Thursday, January 14, 2016

Judge Issues Mixed Rulings in Meningitis Cases

By Walter F. Roche Jr.

A federal judge Thursday ruled that health providers who injected patients with fungus tainted steroids will be able to use state laws in New Jersey and Tennessee to potentially limit their liability for the injuries, some of them fatal, those patients suffered.
In a nine-page written decision U.S. District Judge Rya Zobel ruled that Tennessee law will apply to hundreds of Tennessee victims and New Jersey law to victims in that state.
The cases stem from the 2012 fungal meningitis outbreak caused by a Massachusetts drug compounding firm which shipped thousands of vials of fungus tainted methylprednisolone acetate to health providers across the country. The outbreak sickened 778 patients, killing 76 of them.
Lawyers for the victims had argued that Massachusetts' liability statutes should apply, in part because the New England Compounding Center and its owners were located there.
But as Zobel's decision pointed out, under Massachsuetts law, the health care providers could be held liable for all of the damages suffered by each patient.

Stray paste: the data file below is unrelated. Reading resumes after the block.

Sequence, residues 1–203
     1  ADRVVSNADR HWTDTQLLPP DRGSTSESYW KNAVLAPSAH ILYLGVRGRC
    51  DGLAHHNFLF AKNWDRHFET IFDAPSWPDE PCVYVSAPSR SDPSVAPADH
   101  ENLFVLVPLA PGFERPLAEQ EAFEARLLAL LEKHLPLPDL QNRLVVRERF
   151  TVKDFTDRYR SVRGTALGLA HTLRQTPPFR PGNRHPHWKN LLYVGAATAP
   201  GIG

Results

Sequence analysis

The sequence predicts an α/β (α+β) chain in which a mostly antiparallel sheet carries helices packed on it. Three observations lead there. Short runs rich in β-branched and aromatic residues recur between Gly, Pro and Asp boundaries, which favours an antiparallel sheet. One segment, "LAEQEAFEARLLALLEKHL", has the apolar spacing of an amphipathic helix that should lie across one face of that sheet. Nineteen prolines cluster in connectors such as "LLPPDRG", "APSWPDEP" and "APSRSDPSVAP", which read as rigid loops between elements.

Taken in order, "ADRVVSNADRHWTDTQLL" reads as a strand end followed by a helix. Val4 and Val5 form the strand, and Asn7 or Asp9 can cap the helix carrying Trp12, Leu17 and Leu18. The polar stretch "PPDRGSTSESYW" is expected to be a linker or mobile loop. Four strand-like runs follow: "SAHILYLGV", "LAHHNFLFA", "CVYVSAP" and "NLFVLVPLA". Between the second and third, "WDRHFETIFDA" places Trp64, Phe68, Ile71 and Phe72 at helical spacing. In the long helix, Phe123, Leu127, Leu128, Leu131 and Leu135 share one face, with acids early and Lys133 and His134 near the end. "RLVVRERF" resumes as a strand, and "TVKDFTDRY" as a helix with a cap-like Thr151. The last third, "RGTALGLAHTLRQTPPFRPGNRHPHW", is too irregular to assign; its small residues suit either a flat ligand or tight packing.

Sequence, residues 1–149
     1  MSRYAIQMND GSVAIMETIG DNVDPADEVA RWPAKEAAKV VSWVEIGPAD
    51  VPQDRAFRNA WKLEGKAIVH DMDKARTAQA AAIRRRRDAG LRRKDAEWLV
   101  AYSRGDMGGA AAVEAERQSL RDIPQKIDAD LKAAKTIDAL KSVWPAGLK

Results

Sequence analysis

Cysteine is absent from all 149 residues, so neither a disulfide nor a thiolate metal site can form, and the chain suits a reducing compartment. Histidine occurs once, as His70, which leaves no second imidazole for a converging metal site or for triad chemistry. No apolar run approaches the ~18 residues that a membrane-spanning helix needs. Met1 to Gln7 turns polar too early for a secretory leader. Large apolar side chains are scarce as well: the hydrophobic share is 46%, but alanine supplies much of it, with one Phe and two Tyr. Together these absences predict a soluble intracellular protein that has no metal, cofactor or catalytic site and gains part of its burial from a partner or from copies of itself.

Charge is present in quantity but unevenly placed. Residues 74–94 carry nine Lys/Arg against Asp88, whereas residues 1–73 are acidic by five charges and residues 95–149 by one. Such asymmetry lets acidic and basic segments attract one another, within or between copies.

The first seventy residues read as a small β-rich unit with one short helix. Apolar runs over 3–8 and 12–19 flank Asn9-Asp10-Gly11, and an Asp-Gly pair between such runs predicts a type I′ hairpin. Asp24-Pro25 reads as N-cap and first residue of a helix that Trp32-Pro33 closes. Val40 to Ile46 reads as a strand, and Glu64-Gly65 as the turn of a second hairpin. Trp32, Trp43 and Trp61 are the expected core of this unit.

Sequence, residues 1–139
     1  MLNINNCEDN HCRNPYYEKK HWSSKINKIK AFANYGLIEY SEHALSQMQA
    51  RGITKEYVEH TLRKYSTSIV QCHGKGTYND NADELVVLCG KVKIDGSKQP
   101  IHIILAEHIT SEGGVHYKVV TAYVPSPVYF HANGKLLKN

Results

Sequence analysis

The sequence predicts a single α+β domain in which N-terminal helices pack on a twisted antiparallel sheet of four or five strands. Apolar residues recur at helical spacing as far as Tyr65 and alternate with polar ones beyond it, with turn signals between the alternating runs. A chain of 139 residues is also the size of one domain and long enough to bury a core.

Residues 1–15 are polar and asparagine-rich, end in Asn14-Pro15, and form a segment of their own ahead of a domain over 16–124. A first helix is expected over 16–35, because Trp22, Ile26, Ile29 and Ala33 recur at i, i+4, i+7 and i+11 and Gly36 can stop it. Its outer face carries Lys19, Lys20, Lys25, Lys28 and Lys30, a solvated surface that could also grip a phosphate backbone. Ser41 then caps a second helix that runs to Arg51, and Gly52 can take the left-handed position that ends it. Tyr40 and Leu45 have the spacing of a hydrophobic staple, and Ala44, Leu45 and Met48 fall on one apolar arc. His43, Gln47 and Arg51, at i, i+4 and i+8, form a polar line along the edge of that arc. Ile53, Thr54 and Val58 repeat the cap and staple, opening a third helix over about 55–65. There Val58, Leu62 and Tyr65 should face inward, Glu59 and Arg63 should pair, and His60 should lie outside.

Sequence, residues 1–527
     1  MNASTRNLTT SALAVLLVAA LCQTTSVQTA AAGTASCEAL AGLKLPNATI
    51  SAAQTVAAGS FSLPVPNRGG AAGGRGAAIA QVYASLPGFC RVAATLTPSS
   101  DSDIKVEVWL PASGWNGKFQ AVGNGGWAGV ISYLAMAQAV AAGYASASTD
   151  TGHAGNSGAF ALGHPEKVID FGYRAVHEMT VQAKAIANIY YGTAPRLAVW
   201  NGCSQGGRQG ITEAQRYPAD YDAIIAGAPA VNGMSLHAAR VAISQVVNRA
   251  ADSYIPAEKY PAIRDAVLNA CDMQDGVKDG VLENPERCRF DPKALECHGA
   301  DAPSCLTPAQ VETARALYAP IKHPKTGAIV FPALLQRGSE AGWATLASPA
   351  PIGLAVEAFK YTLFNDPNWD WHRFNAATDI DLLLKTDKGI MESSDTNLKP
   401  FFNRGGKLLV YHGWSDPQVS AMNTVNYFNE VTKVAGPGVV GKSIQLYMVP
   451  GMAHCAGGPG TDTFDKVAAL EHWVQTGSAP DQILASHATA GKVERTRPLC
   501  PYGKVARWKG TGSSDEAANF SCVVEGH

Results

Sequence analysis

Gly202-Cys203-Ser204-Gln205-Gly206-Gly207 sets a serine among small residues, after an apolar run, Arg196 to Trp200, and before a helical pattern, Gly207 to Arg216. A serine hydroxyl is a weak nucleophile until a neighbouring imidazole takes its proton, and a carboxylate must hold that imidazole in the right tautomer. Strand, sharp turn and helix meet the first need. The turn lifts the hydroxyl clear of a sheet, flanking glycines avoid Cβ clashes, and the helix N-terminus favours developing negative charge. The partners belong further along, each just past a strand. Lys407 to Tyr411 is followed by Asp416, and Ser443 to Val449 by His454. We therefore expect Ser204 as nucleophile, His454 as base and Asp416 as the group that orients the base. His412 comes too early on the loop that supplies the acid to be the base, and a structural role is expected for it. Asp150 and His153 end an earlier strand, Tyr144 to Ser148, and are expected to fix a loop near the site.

"Massachusetts allows joint and several liability," she wrote, allowing plaintiffs "to collect full damages" from a partially responsible defendant."
"Under Tennessee law," Zobel wrote, the defendants' liability is limited "to the percentage of damage caused by it."
Zobel noted the now defunct drug compounding firm and its owners were not parties in the cases now before her.
"The law of the state where the injuries occurred will apply absent compelling countervailing concerns," the ruling states.
Zobel issued a second ruling favorable to plaintiffs by denying a motion by health care providers to file a direct appeal to an appeals court on her decision to try the current cases in Boston, rather than Tennessee.
In another development Thursday attorneys for patients who were injected with NECC steroids at a Crossville, Tenn. clinic charged that a key document regarding what drugs the clinic was authorized to use, apparently went missing.
"This is a big deal," Gerard Stranch, a Nashville attorney, told U.S. Magistrate Jennifer C. Boal.
He was arguing in favor of a motion to force the Specialty Surgery Center to produce additional records relating to the clinic's drug formulary.
Stranch said further testimony and evidence was needed to determine if even more documents had "disappeared."
Chris Tardio, representing the clinic, told Boal that the testimony on the document was "much more equivocal" and there was no solid evidence it even existed.
"We feel it is unduly burdensome," Tardio said of the demand for further record searching.
Boal took the matter under advisement.


  1. Ok so what does this mean for the victims in new Jersey

  2. I'm guessing this isn't good can't get straight answer from lawyer

  3. What does a compounding pharmacy tech do?